Pop music has a large impact in society and many people, so much so that it has been a subject in various films. These films show how a band or musician has risen to fame, the story of their struggles and their triumphs. Many of the general public show a large interest in pop music culture, as evidenced by the large amount of exposure of celebrity and music in magazines, newspapers, radio, television and internet. The film could be about fictional band or a real life band, a true story, partially based on a true story or completely fictional.
Old bands from the past reforming to making new records and concerts happens quite often, with bands returning like Take That, New Kids On the Block, Spice Girls and Boyzone. These are usually old favourites who come back for their old fans and also to gain some new fans. The film Still Crazy follows the plight of former members of fictional rock band ‘Strange Fruit’ trying to reform and organise a comeback reunion concert at the last venue they had played at. The lives of the members have changed a lot following the original disbanding, being in ordinary jobs and living in various places. As Strange Fruit journey together on their road to becoming a band again, they learn that things can never be the same again, but they still manage to pull through and play their gig.
Almost Famous is a film about a teenage boy who follows a rock band as part of a journalism assignment for Rolling Stone magazine. It is a semi-autobiographical film based on director Cameron Crowe’s own experience as teenage journalist. William Miller is the character in the film, who is sent to report on a Black Sabbath concert, but instead ends up travelling with another group called ‘Stillwater’, where he gets a hand-on insight into the world of groupies, drugs, sex and all the dark side to rock music fame. He becomes close to one particular groupie, nicknamed Penny Lane, who is the leader of ‘Band-Aides’, yet she soon becomes troubled with her lifestyle and attempts to kill herself at one point, but is rescued by William.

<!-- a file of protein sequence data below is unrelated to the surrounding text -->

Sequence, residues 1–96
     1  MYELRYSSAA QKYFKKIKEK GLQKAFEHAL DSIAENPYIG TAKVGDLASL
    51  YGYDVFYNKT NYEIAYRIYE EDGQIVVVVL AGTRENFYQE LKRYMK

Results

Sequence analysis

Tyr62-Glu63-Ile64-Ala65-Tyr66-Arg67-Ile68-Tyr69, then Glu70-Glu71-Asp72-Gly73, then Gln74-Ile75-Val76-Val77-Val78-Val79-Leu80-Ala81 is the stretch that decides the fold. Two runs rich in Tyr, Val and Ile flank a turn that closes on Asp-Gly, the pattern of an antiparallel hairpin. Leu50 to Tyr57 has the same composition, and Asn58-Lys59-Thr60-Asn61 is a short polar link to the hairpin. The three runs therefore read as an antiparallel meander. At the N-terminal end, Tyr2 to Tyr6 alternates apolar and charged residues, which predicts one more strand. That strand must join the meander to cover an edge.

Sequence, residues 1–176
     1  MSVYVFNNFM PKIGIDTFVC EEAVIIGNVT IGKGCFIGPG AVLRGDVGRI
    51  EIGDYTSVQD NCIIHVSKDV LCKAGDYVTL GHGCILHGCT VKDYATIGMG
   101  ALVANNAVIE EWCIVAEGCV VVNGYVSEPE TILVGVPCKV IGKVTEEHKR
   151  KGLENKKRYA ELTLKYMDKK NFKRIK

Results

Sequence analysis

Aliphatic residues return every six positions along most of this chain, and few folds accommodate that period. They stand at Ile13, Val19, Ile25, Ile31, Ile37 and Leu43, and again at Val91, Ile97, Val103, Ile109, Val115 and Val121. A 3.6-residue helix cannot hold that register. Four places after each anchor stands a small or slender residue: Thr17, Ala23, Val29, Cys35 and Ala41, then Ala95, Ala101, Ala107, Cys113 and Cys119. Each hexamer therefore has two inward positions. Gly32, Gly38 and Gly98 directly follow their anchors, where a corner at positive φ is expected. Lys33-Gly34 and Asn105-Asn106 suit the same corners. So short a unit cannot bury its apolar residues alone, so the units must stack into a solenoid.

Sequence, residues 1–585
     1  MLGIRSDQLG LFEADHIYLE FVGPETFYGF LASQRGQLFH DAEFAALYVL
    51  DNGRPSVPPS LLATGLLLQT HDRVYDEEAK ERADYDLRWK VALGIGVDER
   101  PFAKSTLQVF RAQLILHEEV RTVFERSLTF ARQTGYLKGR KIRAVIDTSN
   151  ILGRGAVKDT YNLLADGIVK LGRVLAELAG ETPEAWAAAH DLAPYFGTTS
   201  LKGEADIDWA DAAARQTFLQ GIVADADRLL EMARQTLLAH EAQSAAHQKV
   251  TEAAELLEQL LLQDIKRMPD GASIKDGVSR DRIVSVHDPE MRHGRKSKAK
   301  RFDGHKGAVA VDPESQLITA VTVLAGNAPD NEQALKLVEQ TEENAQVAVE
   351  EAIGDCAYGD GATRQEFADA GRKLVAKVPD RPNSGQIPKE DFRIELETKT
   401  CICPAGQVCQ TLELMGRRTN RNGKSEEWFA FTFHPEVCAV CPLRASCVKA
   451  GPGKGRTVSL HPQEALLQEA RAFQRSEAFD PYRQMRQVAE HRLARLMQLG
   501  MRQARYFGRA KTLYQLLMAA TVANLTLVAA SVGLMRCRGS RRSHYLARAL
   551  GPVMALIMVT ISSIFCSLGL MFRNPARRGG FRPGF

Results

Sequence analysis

The film Tenacious D in the Pick of Destiny shows a fictional story in which Jack Black escapes his highly religious family in the pursuit of becoming a rockstar. He meets Kyle Gass, who pretends to be a famous rockstar, but when Jack finds out the truth that he is actually poor, bald and unemployed, they decide to work together as a band. They then find themselves searching for the mystical and secret ‘Pick of Destiny,’ which they believe will help them become the greatest rockstars, as well as having a musical duel with Satan. This film is quite light-hearted and comedic, and although it may not be entirely realistic, it shows the great lengths that some people will go for their musical fame.
S Club’s Seeing Double is a sci-fi look at how people can use other’s people’s talents and fame to their own selfish advantage, as an evil scientist clones many celebrities, including S Club themselves, to make much money. Dreamgirls is an example of how sex and looks can sometimes be seen as more important in the selling of music, as the boss of the girl band replaces stout but strong singer Effie for the more attractive and slimmer Deena Jones as lead singer. Idlewild, set in the 1930s, has the story of Percival, a piano player and singer, who originally works in a morgue, and manages to pull through many trials and tribulations, including the death of his fellow singer girlfriend who was caught up in a shooting accident. In the end Percival leaves his hometown Idlewild to pursue his musical dream.
These films and many others with the same themes of representing pop music, help give viewers have some sort of insight into what goes on behind the scenes with musicians and their lives. Whether completely realistic or containing a fantasy or sci-fi element, they do well to portray the issues in pop music, whether good or bad.